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a present of all the largest lions that could be found in the country, in order to send them to Rome, that they might furnish out a show to the Roman people. Upon his poor slave's surrendering himself into his hands, he ordered him to be carried away to Rome as soon as the lions were in readiness to be sent, and that for his crime he should be exposed to fight with one of the lions in the Amphiteaire , as usual, for the diversion of the people. This was all performed accordingly. Androcles, after such a strange run of forlune , was now in the area of the theatre amidst thousands of spectators, expecting every moment when his antagonist would come out upon him. At length a huge monstrous lion leaped out from the place where he had been kept hungry for the show. He advanced with great rage towards the man : but on a sudden , after having regarded him a little wistfully , fell to the ground, and crept towards his feet with all the signs of blandishment and caress. Androcles, after a short pause, discovered that it was his old Numidian friend, and immediately renewed his acquaintance with him. Their mutual congratulations were very surprising to the beholders, who upon

hearing an account of the whole matter from Androcles, ordered him to be pardoned and the Lion to be given up into his possession. Androcles returned at Rome the civilities which he had received from him in the deserts of Africk. Dion Cassius says, that he himself saw the man leading the Lion about the streets of Rome, the people every where gathering about 'em, and repeating to one another, hic est Leo hospes hominis, hic est homo medicus Leonis. This is the Lion who was the man's host , this is the man who was the Lion's Physician.




The prætor. had given up to the triumvir a woman of some rang , condemned for a capital crime to be executed in the prison. He who had charge of the execution, in consideration of her birth, did not immediately put her to death. He even ventured to let her daughter have access to her in prison ; carefully searching her however, as she went in, lest she should carry witli her any sustenance; concluding, that in a few days the mother must of course perish for want, and that the şeverity of putting a woman of family to a violent death, by the hand of the executioner, might thus be avoided. Some days passing in this manner, the triumvir began to wonder that the daughter still came to visit her mother, and could by no means comprehend, how the latter should live so long. Watching , therefore , carefully , what passed in the interview between them , he sound, to his great astonishment, that the life of the mother had been , all this while , supported by the milk of the daughter, who came to the prison every day, to give her mother her breast to suck. The strange contrivance between them was represented to the judges, and procured a pardon for the mother, Nor was it thought sufficient to give to so dutiful a daughter the forfeited life of her condemned mother, but they were both maintained afterwards by a pension settled on them for life; and the ground upon which the prison stood was consecrated, and a temple to filial piety built upon it.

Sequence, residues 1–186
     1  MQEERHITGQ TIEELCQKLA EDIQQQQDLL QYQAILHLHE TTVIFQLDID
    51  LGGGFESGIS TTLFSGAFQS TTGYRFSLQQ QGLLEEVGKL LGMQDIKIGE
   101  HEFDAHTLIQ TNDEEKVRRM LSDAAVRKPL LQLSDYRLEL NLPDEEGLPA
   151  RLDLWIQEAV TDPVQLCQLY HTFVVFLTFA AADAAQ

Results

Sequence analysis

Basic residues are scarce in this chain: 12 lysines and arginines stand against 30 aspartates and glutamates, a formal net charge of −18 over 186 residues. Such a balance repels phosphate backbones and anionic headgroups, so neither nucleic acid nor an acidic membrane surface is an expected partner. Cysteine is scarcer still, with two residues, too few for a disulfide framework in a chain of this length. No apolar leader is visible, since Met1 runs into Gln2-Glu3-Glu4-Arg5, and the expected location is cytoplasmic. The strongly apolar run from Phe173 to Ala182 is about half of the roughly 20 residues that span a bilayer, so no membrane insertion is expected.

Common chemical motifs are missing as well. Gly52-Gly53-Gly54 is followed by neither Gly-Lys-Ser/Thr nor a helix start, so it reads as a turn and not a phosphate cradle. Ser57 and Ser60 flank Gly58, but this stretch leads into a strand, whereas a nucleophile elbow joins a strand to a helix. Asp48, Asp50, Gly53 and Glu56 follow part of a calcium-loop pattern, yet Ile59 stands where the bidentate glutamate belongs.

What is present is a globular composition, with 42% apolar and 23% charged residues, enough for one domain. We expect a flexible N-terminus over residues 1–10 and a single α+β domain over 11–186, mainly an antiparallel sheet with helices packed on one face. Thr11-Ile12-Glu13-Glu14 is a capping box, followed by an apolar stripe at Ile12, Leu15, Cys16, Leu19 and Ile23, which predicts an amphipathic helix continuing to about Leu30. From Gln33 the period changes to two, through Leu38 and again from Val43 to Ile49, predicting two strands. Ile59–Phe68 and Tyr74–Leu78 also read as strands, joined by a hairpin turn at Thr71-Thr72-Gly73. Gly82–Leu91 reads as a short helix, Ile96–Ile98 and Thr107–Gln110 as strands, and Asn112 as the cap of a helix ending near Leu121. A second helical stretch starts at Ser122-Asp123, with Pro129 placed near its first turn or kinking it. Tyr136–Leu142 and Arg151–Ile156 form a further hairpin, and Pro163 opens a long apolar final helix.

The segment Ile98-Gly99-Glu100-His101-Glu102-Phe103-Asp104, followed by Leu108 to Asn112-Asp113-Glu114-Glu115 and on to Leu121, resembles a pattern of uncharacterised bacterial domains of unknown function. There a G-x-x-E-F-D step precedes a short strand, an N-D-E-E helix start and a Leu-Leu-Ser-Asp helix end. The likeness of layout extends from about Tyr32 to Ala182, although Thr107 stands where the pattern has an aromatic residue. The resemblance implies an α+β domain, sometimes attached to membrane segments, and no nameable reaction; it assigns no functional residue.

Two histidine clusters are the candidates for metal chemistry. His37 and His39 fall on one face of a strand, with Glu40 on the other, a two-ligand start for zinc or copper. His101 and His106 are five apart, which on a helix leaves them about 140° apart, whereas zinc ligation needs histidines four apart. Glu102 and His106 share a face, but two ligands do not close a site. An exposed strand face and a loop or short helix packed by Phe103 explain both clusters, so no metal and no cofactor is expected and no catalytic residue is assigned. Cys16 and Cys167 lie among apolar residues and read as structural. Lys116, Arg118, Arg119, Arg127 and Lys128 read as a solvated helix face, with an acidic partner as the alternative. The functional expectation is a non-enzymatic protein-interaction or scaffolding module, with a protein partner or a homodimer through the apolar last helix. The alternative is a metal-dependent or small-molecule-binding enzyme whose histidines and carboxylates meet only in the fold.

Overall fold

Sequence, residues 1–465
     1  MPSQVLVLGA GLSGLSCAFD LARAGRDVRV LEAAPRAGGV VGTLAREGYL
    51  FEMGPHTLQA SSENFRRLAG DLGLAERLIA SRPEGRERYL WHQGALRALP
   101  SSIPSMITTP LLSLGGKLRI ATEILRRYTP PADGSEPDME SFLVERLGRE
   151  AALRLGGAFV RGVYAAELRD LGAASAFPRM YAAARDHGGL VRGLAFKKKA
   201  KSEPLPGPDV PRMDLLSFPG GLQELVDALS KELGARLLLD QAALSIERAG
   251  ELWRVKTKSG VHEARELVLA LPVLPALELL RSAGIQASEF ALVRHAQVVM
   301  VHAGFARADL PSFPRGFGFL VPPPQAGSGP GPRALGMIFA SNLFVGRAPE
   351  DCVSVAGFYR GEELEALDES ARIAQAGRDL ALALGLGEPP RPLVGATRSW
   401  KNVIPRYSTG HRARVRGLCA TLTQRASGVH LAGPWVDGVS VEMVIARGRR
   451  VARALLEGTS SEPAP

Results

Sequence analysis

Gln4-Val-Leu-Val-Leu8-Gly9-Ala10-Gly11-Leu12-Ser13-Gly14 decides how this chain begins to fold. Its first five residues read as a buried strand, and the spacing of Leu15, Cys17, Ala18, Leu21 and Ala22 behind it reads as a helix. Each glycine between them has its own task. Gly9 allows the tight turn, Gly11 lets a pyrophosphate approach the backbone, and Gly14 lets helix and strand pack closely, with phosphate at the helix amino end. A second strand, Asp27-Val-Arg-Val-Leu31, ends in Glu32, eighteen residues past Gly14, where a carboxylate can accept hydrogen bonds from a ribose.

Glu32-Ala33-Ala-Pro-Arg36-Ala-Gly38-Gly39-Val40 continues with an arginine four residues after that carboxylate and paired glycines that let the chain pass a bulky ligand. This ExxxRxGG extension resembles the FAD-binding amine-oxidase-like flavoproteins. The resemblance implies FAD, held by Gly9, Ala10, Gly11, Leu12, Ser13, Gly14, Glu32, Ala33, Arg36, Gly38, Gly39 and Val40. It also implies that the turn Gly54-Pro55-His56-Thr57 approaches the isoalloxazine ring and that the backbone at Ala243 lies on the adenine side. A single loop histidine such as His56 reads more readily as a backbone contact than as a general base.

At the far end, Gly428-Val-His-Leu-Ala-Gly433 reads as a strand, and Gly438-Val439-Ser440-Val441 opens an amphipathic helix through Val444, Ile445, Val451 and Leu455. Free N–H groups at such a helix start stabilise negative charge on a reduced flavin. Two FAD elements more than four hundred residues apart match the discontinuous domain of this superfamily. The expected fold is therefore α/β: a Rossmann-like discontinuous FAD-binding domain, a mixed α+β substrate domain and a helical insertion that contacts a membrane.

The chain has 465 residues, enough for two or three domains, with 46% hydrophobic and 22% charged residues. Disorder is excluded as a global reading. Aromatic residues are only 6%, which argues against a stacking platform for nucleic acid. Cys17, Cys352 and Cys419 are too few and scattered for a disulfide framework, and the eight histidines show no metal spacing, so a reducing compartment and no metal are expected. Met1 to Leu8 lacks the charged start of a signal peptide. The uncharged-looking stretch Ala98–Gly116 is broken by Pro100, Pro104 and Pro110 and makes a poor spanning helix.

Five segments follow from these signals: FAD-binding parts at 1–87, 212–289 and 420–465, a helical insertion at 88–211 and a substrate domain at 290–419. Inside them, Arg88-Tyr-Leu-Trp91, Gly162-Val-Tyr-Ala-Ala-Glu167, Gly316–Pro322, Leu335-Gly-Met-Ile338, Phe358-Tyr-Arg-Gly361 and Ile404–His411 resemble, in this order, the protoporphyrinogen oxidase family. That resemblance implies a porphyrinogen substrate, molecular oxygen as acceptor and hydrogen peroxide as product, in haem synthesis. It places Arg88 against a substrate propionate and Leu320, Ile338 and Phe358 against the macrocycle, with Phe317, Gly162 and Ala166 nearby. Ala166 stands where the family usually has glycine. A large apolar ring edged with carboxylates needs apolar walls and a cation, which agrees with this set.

Mr. Hastings was a reputable tradesman in a considerable country town. He married young, and had a numerous family, over whom, as his temper was hasty and ungoverned, he exercised the paternal authority with harshness and caprice. His wife, a pattern of seinale mildness and gentleness, made it her sole study, by every sostening and conciliatory art, to keep her husband in good humour with herself and her children, but too often failed in both.

Charles, their eldest son, had one of those dispositions, wliich , though easily managed by prudent and gentle methods , alvays revolt against the exertions of passionale and rigorous authority. It was therefore impossible that he should avoid frequent and angry disputes with his father, whose sternness and severity he returned with sullen unyielding obstinacy. These unhappy contests acquired such additional


force with increasing years , that when the youth had reached the age of fifteen , his father, in consequence of a violent quarrel in which he could not bring him to submission, turned him out of doors, with an injunction never to see his face again.

The lad's spirit was too high to render a repetition of the command necessary. Unprovided as he was, he set out immediately, on foot, for London; where arriving, after much hardship and fatigue, he found out an East - Indian captain with whom his father had some acquaintance, and, after much solicitation , obtained leave to accompany him in a voyage which commenced in a few days.

Exasperated as Mr. Hastings was, he could not help feeling considerable regret, on finding that his son had so well obeyed the command which his passion had dictated; and the mother, for whom the youth had always testified the greatest affection. and respect , was long inconsolable. From all their enquiries, they were only able to learn that their son was gone to sea, but to what part, or in what situation, they could never discover.

To this cause of distress was soon added

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